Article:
by Lisa Eve Cheby
The day is not a particularly original gifter, presents what is
always already there, little notes waiting to be noticed by a distracted lover:
one morning I hear the telegram of city birds over a rhythm
section of rubber and asphalt, and today, I open
my window on a saffron and sage watercolor of mountains.
Sometimes, maybe mid-day, the unequal bittersweet orange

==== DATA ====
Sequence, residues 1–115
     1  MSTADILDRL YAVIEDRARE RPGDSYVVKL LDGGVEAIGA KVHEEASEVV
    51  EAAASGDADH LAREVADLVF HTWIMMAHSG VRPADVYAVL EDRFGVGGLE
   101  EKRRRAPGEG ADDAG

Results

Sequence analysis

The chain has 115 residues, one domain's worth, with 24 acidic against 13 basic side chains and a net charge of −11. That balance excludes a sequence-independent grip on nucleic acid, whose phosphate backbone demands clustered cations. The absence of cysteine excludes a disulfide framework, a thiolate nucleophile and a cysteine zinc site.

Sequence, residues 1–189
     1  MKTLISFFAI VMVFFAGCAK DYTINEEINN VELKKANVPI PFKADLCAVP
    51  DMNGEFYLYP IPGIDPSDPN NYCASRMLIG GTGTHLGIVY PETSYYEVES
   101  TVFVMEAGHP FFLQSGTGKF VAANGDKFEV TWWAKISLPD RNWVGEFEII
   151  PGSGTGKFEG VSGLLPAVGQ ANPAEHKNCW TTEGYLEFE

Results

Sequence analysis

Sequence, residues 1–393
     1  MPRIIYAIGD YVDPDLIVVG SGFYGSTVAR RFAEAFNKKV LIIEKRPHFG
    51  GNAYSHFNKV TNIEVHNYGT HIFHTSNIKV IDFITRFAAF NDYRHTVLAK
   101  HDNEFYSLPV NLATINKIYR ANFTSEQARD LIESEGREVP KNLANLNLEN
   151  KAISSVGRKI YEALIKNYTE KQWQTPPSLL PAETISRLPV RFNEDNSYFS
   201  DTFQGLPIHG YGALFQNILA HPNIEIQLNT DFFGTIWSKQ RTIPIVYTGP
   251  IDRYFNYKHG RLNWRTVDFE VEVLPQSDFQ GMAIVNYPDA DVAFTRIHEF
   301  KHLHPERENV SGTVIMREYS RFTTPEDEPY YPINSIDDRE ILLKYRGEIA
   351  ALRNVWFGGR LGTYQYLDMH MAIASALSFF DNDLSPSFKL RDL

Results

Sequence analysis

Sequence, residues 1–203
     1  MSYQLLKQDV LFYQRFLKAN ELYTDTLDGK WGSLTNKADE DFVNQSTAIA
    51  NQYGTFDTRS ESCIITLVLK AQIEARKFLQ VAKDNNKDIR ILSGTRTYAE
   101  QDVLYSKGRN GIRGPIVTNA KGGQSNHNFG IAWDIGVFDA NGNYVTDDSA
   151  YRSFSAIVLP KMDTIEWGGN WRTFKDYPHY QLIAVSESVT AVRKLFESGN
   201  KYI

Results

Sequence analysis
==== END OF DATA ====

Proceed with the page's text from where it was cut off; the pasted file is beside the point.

climbs a parking lot wall and the evening, between the city lights,
hangs a newly incised moon in case I remember
to look or, if I venture out of the reach of hot tubs and casinos and Trader Joe’s
hours and acres bundled with juniper and calico and Mojave yucca are offered.
One day in April, a field of senna armata is left.
Then, on the day I feel most lonely, a forest of teddybear cholla.
How can I not wonder at my blessings:…
View original post 114 more words